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Bill would require employers to pay minimum wage for tipped workers – The Legislative Gazette

Photos from the Legislative Gazette by Heather Viani
On March 9, 2022, on the State Capitol’s Million Dollar Staircase, Yamila Ruiz and other members of the One Fair Wage Coalition are demanding an increase in the minimum wage for tipped workers with the support of lawmakers Jessica González Rojas, Brad Hoylman and Emily Gallagher. .

A coalition of tip workers and state lawmakers are calling for a A fair salary policy in the state budget that would guarantee a fixed minimum wage for restaurant servers and other tip workers in service industries.

On March 9, 2022, Senators Alessandra Biaggi and Brad Holyman and Assembly Members Catalina Cruz and Jessica Gonzalez-Rojas met with a group of restaurant workers at the State Capitol to demand passage of a bill of law (S.808 / A.2244) that would eliminate the sub-minimum wage for food service workers and others who work for tips.

Under the bill, employers would not be prohibited from allowing tips, but tips would no longer make up the difference between wages received from the restaurant and the actual minimum wage.

Hoylman sponsors a bill (S.8386) that would create the Restaurant Recovery Fund, providing forgivable loans to restaurants that pay full minimum wage plus tips to their restaurant workers. This bill is sponsored at the Assembly by González-Rojas.

National organization One Fair Wage says this bill – sponsored by Senator Biaggi and Congresswoman Cruz would help the restaurant industry by promising fair wages and luring former employees back to the jobs they left during the ‘big quit’ over the past two years.

the invoice also aims to raise the minimum wage for other tip workers, including nail technicians, car wash attendants, hairstylists and others whose wages are often subsidized by tips alongside restaurant workers.

Employers of food service employees received a credit that reduces the minimum hourly wage paid to employees who receive tips. These employers now pay workers $7.50 an hour, as long as the workers on average receive the difference between their wages and the legal minimum wage in tips.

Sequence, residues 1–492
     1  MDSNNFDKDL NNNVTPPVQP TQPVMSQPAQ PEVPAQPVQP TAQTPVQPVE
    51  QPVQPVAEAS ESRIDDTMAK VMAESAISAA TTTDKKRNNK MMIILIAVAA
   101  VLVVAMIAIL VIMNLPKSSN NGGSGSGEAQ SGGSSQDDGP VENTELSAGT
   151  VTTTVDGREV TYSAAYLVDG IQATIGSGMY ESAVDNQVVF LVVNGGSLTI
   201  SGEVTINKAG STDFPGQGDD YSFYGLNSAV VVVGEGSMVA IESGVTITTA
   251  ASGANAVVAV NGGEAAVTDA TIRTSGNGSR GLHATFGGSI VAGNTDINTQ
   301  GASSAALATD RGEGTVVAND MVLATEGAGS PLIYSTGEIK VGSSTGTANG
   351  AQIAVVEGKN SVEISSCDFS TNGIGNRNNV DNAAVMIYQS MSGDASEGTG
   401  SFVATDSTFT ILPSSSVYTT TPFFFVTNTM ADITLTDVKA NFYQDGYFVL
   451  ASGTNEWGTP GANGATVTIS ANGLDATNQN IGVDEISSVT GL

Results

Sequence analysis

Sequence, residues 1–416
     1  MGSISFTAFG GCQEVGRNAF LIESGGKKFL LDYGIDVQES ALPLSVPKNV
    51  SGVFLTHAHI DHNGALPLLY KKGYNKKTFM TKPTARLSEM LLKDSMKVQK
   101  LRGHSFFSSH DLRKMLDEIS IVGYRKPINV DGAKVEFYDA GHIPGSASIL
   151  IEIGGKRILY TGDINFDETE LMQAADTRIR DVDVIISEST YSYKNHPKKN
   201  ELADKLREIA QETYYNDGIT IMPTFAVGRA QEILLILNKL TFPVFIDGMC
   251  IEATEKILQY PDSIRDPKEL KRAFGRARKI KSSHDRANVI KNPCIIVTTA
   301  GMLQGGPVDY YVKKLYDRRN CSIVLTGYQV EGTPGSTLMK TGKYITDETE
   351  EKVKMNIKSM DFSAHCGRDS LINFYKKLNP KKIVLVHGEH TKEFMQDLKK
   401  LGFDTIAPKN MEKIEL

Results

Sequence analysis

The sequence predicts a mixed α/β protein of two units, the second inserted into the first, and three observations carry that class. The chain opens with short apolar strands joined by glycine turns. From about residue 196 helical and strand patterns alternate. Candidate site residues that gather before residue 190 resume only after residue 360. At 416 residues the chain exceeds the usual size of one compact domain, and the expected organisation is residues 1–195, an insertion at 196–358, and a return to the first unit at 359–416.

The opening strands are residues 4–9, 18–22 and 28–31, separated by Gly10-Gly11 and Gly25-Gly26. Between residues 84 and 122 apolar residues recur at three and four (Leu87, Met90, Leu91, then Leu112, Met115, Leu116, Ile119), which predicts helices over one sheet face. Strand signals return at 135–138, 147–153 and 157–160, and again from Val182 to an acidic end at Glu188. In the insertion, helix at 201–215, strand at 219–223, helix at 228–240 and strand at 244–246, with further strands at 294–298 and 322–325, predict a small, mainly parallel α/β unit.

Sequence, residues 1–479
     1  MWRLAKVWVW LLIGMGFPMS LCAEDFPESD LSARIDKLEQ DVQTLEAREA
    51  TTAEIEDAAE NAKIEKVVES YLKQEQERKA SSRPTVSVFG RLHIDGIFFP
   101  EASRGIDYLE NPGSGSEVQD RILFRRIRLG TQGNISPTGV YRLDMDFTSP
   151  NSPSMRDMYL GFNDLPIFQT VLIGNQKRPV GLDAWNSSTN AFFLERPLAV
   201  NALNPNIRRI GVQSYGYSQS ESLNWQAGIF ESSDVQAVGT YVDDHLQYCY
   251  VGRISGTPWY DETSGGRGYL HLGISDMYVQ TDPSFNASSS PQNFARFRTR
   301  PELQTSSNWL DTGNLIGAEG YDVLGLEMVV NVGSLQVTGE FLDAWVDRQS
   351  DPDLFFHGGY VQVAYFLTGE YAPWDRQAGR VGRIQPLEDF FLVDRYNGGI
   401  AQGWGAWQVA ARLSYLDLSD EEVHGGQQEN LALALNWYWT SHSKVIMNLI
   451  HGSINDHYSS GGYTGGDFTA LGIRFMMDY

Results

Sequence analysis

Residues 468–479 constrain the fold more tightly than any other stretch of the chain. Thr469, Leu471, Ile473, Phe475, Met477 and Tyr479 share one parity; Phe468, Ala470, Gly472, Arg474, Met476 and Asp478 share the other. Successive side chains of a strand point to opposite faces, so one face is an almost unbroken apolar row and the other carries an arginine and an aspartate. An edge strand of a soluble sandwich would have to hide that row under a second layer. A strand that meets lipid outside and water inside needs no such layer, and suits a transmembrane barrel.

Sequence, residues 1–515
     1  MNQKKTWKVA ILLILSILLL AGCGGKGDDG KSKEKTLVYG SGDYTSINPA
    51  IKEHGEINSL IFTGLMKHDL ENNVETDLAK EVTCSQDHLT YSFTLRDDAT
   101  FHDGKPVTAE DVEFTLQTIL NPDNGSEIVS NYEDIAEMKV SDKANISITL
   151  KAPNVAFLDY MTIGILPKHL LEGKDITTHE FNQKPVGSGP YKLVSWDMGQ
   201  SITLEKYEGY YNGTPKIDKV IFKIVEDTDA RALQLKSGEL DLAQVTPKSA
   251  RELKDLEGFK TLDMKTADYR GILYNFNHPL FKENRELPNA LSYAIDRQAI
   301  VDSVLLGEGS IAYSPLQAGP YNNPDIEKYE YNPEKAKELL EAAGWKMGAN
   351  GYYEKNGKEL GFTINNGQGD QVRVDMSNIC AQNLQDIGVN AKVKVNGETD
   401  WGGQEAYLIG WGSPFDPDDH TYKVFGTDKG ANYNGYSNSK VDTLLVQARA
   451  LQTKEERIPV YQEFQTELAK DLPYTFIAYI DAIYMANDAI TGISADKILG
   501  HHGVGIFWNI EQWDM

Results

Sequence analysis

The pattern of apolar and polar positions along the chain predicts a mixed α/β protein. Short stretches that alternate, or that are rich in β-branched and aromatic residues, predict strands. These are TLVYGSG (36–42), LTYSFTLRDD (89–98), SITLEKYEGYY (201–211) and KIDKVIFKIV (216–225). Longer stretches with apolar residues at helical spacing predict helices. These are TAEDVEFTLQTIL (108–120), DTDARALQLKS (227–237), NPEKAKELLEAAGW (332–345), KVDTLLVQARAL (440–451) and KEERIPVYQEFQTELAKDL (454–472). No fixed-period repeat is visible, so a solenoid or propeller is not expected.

Eight states – Alaska, California, Maine, Minnesota, Montana, Nevada, Oregon and Washington) eliminated the tip credit and required employers to pay full minimum wage to employees. According to the bill memo, these states have seen a growth in the restaurant industry and a fairer, more experienced workforce.

Yamila Ruiz, director of communications for One Fair Wage, explained why the organization believes change is vital to the survival of the restaurant industry.

“New York State has the highest restaurant worker out-migration rate of any other state in the United States. That’s double the national out-migration rate,” Ruiz said. means more workers are leaving than anywhere else in this country.”

According to research conducted by One Fair Wage in accordance with the UC Berkeley Food Work Research Center, one million New York State workers have quit their jobs in the restaurant industry since the start of the pandemic and 53% plan to leave.

Legislative Gazette photo by Heather Viani

Further away research by the organization also found that of employees who left, 70% say it was because of low pay and 90% say the only thing that could get them back to work is a decent salary with extra tips.

Ruiz also cites working conditions as the reason for many worker departures.

“Of one in ten workers who left the industry nationwide, one in five left New York. All workers and women in particular say their tips have gone down. I know restaurants in New York have been very slow for the past few months and sexual harassment has increased dramatically since the pandemic began,” Ruiz said. “Thousands of women have told us they’ve received rude comments from customers saying things like ‘take off your mask so I know how much to tip you’.”

MP Gonzales-Rojas believes the issue is intersectional and affects many different people in marginalized communities.

“It’s a matter of worker justice, it’s a matter of gender justice, it’s a matter of racial justice and in communities like mine, it’s a matter of justice for immigrants. We come out of Black History Month and we are in Women’s History Month and we need to recognize the intersections of this fight,” Gonzalez-Rojas said.